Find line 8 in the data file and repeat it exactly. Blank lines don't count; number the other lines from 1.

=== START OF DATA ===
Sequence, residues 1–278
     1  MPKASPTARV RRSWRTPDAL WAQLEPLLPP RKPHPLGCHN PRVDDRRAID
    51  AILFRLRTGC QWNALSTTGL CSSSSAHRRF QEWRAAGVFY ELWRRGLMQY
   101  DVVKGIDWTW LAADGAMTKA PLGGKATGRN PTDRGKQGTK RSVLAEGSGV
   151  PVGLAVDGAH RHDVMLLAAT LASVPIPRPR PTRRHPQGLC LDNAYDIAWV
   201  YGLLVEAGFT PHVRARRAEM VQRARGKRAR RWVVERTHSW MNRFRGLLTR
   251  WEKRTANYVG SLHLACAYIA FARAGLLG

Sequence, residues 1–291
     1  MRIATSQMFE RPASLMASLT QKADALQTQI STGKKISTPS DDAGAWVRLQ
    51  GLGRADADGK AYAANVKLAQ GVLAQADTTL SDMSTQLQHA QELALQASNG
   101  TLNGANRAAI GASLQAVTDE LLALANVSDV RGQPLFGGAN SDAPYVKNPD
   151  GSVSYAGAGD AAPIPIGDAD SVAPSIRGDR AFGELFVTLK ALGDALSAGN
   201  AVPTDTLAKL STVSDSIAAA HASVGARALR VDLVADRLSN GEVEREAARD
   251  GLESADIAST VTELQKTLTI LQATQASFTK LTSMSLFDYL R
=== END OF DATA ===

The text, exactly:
Sequence, residues 1–291